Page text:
the dorsal pancreatic duct in the head of the pancreas may remain patent and drain into the minor duodenal papilla in 40% of cases. In pancreas divisum (Fig. 8), there is failure of fusion of these ventral and dorsal pancreatic ducts. The main pancreatic duct thus drains the tail, body, and superior head of the pancreas into the minor duodenal papilla, while the accessory pancreatic duct drains the uncinate process and inferior head of the pancreas into the major duodenal papilla along with the CBD. This variant is easily detected on MRCP . Another variant of pancreatic ductal anatomy is the ansa pancreatica. This is when the accessory duct remains patent but enters the minor duodenal papilla by forming an arch like a reverse S character. Again, this is a recognized cause of recurrent pancreatitis. Annular pancreas is a rare congenital anomaly when there is failure of the ventral pancreatic bud to rotate with the duodenum, resulting in either partial or complete encasement of the duodenum by the ventral bud. It can also be associated with pancreas divisum. It may present in the neonate with duodenal obstruction, sometimes in conjunction with other congenital anomalies, for example, Down syndrome. If unrecognized in children, up to 50% may present in the third to sixth decade of life, with abdominal pain, postprandial satiety, vomiting, peptic ulcers, recurrent pancreatitis, and rarely biliary obstruction. In a review of 24 cases of annular pancreas,11 the presence of pancreatic tissue posterolateral to the second part of the duodenum had a high sensitivity and specicity for the presence of annular pancreas. In this study,11 the annular duct joined the main pancreatic duct in the majority of cases, with the remainder draining into the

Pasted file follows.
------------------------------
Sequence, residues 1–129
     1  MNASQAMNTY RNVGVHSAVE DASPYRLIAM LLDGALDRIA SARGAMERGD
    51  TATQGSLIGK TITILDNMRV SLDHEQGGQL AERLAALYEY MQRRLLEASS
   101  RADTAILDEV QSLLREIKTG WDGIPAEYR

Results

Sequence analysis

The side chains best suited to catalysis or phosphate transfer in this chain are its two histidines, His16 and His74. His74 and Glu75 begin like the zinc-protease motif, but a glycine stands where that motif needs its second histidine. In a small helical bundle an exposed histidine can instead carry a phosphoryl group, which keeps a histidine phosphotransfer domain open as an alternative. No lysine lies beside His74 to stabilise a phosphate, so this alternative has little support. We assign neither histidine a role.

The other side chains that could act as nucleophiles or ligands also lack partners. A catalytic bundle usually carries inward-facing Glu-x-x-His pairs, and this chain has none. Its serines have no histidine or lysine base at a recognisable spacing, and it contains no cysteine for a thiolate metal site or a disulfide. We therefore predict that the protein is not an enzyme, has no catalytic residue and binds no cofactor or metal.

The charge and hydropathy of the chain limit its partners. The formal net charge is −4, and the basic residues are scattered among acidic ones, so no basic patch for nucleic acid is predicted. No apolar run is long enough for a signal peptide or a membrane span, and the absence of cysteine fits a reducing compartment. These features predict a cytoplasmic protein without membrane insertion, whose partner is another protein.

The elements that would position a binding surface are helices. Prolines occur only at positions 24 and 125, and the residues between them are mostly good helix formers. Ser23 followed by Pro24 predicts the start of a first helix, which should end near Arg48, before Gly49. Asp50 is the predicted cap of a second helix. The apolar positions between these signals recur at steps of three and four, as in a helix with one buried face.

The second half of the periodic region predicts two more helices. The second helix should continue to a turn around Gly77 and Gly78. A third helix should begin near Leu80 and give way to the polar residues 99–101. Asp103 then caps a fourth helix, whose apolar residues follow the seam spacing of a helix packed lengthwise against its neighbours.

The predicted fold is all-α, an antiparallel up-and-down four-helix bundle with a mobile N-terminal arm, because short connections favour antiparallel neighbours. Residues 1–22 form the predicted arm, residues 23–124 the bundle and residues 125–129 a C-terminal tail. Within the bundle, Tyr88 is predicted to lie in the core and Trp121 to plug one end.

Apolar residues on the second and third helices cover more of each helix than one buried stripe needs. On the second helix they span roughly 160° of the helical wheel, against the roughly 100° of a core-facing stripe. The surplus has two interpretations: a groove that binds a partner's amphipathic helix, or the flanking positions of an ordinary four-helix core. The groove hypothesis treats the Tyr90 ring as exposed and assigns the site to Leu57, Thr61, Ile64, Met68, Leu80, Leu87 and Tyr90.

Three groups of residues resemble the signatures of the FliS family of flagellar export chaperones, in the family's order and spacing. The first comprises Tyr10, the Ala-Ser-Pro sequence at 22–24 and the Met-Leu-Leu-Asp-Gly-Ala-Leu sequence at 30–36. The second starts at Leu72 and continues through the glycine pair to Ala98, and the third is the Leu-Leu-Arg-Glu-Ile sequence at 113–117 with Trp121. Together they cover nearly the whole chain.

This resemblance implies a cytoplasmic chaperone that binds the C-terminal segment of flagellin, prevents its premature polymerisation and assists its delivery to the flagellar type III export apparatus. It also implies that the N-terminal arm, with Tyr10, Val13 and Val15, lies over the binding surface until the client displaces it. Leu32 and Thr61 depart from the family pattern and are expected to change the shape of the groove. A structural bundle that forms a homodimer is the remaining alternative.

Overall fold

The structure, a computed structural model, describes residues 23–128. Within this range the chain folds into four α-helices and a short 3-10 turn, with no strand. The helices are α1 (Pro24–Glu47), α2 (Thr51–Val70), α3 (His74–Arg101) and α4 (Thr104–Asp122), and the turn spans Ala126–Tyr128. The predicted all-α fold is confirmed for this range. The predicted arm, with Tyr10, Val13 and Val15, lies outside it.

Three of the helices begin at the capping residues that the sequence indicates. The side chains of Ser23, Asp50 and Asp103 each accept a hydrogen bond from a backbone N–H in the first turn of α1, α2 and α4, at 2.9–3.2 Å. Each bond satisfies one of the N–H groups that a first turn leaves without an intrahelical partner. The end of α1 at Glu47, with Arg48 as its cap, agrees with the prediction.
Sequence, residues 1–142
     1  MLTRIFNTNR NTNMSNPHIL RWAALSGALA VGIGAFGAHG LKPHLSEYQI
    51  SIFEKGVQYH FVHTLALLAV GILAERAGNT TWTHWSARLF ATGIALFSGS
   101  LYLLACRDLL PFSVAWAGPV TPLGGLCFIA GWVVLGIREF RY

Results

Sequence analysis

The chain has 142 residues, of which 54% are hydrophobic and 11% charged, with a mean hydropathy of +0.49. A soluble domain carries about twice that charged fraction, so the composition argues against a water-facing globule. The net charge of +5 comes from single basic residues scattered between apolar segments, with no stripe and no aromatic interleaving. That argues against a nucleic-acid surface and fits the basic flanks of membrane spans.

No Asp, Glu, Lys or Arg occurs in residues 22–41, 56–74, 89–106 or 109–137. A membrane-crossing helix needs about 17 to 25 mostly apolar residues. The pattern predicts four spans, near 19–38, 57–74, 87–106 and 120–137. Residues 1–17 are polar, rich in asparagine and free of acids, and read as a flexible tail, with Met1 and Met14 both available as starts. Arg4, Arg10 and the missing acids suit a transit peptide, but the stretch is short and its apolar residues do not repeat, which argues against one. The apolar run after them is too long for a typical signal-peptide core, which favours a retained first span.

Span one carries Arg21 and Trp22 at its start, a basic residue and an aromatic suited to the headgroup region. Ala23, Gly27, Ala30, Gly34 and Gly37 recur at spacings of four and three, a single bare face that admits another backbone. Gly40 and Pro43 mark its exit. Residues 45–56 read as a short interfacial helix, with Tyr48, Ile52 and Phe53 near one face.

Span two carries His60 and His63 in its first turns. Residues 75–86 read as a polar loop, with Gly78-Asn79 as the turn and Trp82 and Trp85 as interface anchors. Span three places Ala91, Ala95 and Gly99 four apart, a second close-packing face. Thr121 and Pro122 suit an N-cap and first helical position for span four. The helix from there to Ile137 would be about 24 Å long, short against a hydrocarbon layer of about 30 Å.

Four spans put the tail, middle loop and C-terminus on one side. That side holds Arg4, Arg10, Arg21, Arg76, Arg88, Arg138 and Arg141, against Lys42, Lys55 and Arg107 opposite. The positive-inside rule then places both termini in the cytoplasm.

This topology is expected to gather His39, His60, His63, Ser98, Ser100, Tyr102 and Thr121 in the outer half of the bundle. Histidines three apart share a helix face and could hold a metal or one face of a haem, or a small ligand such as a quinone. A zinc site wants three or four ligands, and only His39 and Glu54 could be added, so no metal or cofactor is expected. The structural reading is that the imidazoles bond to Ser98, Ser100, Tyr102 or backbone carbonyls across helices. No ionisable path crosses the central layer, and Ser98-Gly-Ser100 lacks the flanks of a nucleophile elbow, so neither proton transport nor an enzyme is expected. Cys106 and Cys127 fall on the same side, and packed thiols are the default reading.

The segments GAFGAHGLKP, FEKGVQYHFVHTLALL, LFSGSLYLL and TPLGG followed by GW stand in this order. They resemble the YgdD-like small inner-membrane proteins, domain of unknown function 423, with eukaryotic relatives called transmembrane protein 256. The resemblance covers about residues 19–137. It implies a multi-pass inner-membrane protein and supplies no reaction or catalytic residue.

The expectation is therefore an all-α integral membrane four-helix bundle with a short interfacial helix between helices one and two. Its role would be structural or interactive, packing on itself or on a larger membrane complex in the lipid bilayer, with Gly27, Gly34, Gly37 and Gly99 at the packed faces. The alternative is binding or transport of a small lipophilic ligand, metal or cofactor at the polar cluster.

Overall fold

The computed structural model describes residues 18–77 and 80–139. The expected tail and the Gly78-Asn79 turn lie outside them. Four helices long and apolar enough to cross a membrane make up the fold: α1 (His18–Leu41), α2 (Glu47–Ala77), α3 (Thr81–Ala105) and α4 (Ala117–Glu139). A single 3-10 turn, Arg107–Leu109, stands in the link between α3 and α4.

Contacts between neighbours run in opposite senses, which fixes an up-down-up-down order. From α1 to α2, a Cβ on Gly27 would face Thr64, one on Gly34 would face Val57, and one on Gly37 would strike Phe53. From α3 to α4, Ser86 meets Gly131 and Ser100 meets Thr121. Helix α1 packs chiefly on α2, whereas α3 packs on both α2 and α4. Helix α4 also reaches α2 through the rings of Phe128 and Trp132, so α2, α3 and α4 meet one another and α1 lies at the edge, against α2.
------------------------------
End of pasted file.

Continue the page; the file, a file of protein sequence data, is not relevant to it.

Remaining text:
Figure 11 Calculi within a cystic duct remnant. (A) MIP MRCP image demonstrating the calculi as multiple lling defects (arrows) within a dilated cystic duct. (B) Axial T2 MR image demonstrating these calculi as dependent signal voids (arrow) within the cystic duct.

accessory duct. MRCP is the best noninvasive way of demonstrating the ductal conguration (Fig. 9A and B).

Acquired Pathologies
Choledocholithiasis is one of the commonest indications for MRCP . It is either performed in a patient (often with known gallstones) presenting with acute obstructive jaundice or in a patient following cholecystectomy who presents with recurrent biliary symptoms. CBD stones appear as dependent intraductal lling defects causing proximal CBD obstruction (Figs. 10 and 11). Stones as small as 2 mm may be detected, although MIP reformats may obscure smaller stones due to partial voluming effects as described earlier. Mirizzi syndrome12 is a rare complication of gallstone disease, arising when an impacted gallstone within the neck of the gallbladder or cystic duct causes extrinsic compression to the common hepatic duct (Fig. 12). When the obstruction is simple, it is classied as type 1. Type 2 is when there is erosion of the wall